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Expanding economic and social opportunities in host communities, including for refugees and internally displaced persons, remains critical to inclusion, sustained crisis management and development. Credit: UNDP.

 

As prepared for delivery.

Excellencies,

Dear Colleagues,

Thank you, Commissioner Hahn, for outlining that much has been done over the past few years in a close partnership between the international community and the countries of the region. We have also taken note of the Statements by Jordan, Lebanon and Turkey on the challenges they face and strategies they have put in place.

Although humanitarian assistance remains vital, we clearly need a more sustainable, robust and medium-term approach to addressing vulnerabilities and persistent poverty and high unemployment. Expanding economic and social opportunities in host communities, including for refugees and internally displaced persons, remains critical to inclusion, sustained crisis management and development. The efforts of the Government of Lebanon in the recent CEDRE Conference, which I had the pleasure to attend as the representative of the UN Secretary-General, points the way forward with an emphasis on structural reform, boosting the economy, attracting new investment and imlementing modern and strategic infrastructure.

As we look forward to a more developmental approach to managing inclusion, education and economy recovery emerge as vital and interlinked. Our keynote speakers will go into these in more detail so let me outline some key chlenges I believe we need to tackle collectively on the economic recovery side:

  • First, ensuring sustained support to the capacity of host governments to define and implement economic and social development strategies, especially for large scale infrastructure programs that require strategic, public and private investment and create social benefits. New, innovative, and concessional financing, as well as structural and business environment reforms, are ways to achieve this.
  • Second, developing job creation programmes that build on a better integration of activities in both the humanitarian and resilience sectors to create cost-efficiencies and that require better collaboration between humanitarian and development actors.
  • Third, better tailoring access to decent and quality jobs and economic opportunities for vulnerable groups, including women and youth. This requires a differentiated approach. Vocational training is widespread, but not as effective as it could be. Education and qualification throughout the lifecycle are key to provide opportunities and to improve employability.  We must focus on social elements, too, such as child care and transportation.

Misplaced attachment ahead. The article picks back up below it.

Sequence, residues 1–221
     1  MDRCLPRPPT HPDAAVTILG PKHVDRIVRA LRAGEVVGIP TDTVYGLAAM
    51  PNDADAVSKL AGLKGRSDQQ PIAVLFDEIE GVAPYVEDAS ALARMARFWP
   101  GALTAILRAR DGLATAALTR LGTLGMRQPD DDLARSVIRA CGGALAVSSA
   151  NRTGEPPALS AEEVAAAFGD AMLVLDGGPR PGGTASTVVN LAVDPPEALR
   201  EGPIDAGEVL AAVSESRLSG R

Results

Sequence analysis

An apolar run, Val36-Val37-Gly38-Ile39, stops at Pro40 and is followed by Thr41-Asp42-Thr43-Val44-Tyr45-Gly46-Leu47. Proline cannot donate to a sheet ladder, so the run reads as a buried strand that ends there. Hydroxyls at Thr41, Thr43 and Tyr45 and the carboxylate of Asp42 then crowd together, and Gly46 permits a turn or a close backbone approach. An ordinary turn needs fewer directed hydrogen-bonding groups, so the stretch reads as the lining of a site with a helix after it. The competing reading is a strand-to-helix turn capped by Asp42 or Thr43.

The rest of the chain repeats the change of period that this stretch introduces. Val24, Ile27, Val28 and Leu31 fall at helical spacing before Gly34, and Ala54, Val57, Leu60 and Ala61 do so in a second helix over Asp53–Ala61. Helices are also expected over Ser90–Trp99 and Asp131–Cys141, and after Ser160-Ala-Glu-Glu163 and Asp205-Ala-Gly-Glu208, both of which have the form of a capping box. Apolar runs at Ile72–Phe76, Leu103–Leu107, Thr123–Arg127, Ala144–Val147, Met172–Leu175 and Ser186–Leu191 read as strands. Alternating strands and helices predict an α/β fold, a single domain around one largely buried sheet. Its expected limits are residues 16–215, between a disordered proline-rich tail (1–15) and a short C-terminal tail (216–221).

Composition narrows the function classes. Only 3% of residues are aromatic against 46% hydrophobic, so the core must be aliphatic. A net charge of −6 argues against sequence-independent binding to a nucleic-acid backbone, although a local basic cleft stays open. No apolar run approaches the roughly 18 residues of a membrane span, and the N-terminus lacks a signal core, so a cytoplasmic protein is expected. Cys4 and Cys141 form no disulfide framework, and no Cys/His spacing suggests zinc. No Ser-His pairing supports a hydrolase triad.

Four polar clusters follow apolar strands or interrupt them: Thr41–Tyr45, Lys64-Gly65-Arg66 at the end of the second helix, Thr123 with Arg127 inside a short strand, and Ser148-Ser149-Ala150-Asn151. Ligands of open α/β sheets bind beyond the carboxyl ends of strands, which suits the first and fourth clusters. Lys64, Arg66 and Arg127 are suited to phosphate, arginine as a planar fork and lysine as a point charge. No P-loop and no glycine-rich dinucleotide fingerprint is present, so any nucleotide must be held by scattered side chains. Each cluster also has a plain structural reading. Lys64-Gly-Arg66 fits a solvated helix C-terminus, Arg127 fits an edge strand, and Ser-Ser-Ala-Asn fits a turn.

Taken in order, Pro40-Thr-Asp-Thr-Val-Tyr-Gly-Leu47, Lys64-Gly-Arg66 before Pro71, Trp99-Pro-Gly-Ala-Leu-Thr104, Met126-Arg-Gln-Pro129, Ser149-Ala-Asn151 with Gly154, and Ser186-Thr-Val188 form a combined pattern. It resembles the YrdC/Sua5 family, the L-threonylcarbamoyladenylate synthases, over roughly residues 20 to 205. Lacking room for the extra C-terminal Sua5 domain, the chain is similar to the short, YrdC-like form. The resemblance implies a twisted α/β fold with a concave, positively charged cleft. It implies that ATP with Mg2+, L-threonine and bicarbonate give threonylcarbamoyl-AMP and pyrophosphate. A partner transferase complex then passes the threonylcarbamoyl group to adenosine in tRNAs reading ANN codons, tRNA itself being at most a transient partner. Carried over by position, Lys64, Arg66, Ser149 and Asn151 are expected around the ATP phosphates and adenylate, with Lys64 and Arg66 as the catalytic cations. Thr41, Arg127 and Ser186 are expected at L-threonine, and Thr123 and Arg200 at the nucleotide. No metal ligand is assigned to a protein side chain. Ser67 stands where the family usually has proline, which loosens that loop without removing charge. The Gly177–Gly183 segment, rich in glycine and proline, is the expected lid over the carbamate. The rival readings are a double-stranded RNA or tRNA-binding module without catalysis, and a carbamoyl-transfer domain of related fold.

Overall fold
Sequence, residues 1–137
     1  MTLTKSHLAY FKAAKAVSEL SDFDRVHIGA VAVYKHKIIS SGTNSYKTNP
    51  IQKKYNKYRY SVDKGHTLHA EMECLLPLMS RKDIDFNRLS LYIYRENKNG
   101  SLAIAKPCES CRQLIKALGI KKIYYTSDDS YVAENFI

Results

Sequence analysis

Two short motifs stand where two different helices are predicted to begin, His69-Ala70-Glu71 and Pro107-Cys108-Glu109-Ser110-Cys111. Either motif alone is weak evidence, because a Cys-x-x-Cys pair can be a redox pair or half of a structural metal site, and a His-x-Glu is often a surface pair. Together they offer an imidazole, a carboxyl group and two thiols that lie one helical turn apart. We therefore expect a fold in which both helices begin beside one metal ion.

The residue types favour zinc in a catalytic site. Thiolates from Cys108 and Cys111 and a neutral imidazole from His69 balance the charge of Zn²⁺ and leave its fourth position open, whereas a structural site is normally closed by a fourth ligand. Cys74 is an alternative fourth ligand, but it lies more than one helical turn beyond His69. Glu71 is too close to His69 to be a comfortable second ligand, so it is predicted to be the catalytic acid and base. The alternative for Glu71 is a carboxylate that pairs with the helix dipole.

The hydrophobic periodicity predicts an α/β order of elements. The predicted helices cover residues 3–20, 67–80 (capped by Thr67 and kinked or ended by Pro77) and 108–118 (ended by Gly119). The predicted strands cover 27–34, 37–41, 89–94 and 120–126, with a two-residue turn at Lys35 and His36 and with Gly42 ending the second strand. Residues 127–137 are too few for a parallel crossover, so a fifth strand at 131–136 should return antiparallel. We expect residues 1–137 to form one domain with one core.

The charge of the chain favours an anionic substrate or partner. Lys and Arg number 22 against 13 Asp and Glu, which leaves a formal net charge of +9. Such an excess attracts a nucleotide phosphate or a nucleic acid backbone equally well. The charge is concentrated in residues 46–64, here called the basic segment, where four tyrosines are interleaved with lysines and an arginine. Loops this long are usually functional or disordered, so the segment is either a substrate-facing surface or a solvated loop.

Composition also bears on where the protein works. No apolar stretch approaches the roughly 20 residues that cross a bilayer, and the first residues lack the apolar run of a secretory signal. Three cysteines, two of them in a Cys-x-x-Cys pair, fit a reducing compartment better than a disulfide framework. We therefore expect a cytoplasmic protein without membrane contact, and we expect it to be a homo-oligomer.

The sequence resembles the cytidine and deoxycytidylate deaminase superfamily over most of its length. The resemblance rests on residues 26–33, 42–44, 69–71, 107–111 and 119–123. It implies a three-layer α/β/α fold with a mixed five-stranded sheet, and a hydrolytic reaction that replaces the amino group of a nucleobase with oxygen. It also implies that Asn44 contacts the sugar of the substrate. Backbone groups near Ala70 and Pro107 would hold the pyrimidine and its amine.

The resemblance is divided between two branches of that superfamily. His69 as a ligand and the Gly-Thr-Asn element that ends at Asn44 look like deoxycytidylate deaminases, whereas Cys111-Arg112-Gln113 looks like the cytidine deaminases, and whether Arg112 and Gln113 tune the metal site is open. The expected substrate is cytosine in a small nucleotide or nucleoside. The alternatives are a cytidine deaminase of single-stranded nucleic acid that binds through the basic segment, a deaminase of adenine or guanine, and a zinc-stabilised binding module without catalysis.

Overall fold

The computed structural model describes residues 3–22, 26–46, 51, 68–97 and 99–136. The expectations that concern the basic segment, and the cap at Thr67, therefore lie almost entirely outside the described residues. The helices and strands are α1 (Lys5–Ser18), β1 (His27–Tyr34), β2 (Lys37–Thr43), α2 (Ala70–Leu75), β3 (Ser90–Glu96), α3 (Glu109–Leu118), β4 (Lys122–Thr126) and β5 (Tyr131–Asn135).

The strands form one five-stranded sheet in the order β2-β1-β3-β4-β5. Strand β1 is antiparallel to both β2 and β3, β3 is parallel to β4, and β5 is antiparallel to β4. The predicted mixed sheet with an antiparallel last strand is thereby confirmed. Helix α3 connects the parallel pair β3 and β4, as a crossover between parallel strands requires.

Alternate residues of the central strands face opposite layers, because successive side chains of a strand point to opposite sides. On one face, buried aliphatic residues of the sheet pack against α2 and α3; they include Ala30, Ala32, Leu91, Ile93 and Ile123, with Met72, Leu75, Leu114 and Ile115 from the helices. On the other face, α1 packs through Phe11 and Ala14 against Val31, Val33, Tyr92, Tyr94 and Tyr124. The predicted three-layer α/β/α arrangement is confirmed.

• Fourth, scaling up our joint efforts to ensure the private sector is the prime mover of economic growth. We must do more to galvanize the private sector – for example, by creating the right conducive environments – reformed, regulated, transparent – or by developing more active and creative approaches in partner countries;
  • Fifth, further expanding access to foreign markets for the countries of the region, including making better use of the EU Jordan Rules of Origin agreement and other opportunities, and ensuring future reforms are well targeted, implemented and utilized.

In the meantime, I underline the need to ensure that our support for livelihoods is more integrated and less fragmented.

In all of this, education is another major priority and challenge given that the Syria crisis has had a devastating impact on children and youth. Therefore, investing in strong educational systems at all levels now, while addressing the basic needs of children and young people, is crucial for preparing current and future generations to enter job markets, start their businesses, and develop innovative and resilience-based coping mechanisms.

This requires sustained multi –year strategies and funding starting with coverage for the basic needs of all children – girls and boys – to access to quality education from an early age and support for irrelevant institutions.

It is my pleasure to introduce the panel who will further elaborate on the challenges and responses. Miss Penny Mordaunt, the UK’s Secretary of State for International Development will now share her keynote statement on the role of Education and Mr. Martin Jäger, Germany’s BMZ Secretary of State, Germany will focus his intervention on economic reform. I also understand that we may hear from Mr. Khaled Sulaiman Aljarallah, Vice-Minister for Foreign Affairs of the State of Kuwait, who will share overall views on the region.

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